Still, Woodward’s remarks — delivered at a stop on his latest book tour Tuesday night in Harvard Square — come at a time when they’re likely to garner more attention than they otherwise might. Amazon founder Jeff Bezos, who bought the Post from the Graham family nearly two years ago, is sinking money and resources into the paper. And media analysts like Ken Doctor are saying that the Post is making its first serious run at the Times in many years.
Asked by a member of the audience about changes in the media business, Woodward responded with an unsolicited paean to Bezos. “I think he’s helping us as a business,” Woodward said. “It’s a better website. I find things much more authoritative, quite frankly, than The New York Times, to be honest.”
And when asked by his interlocutor, Washington insider-turned-Harvard academic David Gergen, whether newspapers remain committed to investigative reporting, Woodward replied: “I know The Washington Post is, because I asked Jeff Bezos. He has the money. We talked about this. He said I could quote him on this, and I will. He said, ‘Rest assured, Marty’ — Baron, the editor — ‘will have the resources he needs.’”
Woodward will forever be remembered as one-half of the twentysomething reporting duo (with Carl Bernstein) who broke open the Watergate story and brought down Richard Nixon’s presidency. Now a no-longer-boyish 72, Woodward was on hand to promote his latest book, “The Last of the President’s Men.” In it, Woodward tells the story of Alexander Butterfield, the Nixon aide who revealed the existence of the White House taping system before a congressional committee, thus providing the evidence that Nixon really was a crook.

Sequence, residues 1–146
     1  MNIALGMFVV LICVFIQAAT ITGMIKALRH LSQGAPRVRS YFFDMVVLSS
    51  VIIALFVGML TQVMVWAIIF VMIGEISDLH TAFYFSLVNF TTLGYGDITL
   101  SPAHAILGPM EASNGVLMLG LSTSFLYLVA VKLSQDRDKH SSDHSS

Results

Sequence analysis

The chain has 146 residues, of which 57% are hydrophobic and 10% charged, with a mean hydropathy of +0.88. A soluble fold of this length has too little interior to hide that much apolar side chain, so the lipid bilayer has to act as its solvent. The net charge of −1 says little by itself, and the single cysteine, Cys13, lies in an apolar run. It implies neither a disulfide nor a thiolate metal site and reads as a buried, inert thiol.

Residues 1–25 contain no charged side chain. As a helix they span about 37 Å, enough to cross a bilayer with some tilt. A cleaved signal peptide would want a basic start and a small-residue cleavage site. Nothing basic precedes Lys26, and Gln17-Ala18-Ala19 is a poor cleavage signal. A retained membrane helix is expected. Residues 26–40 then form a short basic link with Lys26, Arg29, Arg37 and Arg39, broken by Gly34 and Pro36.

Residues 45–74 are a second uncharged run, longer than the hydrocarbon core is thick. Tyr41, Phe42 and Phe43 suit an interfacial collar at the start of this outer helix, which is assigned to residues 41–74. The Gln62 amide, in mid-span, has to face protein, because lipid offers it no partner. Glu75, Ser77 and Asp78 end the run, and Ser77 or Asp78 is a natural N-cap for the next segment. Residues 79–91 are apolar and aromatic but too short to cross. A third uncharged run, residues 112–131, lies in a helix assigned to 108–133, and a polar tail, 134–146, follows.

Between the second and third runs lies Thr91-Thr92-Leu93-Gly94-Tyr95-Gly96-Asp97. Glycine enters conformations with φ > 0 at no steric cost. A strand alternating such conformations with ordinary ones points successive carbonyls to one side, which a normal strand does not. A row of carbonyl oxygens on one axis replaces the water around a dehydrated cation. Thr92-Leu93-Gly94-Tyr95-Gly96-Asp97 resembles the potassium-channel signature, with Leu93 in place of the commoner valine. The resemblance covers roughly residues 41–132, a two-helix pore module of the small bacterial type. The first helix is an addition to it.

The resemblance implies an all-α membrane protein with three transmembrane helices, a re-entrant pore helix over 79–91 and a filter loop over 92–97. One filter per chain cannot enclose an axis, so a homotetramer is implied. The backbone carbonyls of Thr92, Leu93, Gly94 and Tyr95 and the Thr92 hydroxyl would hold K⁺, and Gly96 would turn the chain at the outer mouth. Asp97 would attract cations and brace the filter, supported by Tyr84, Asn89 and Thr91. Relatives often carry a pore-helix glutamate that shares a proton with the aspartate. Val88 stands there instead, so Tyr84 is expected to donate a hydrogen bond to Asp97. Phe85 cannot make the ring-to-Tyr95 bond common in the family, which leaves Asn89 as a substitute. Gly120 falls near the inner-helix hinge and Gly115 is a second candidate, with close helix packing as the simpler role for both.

Several hundred people crowded into the First Parish Church for Woodward’s reading, sponsored by the Harvard Book Store. The book is based on some 40 hours’ worth of interviews Woodward conducted with Butterfield, as well as a trove of documents. Butterfield, Woodward said, provided invaluable insights into the inner workings of the Nixon White House, especially of the early years. “For two years, there was no taping system,” he said. “In a sense Butterfield became the tape recorder.”
The event began on a light-hearted note, with Gergen — who served four presidents, including Nixon — asking, “When did you all sense that you were on to something much bigger than you’d thought?” Woodward’s response: “When Nixon resigned.”
The conversation, though, took a darker turn as Woodward described Nixon’s prosecution of the Vietnam War. Perhaps the most disturbing revelation in “The Last of the President’s Men” is that Nixon ordered more and more bombs to be dropped during 1972 — the year he was up for re-election — even though he secretly acknowledged it had accomplished “zilch.” The reason, Woodward said, was that polling showed the bombing campaign was popular with the American public.
“It’s close to a war crime,” Woodward said.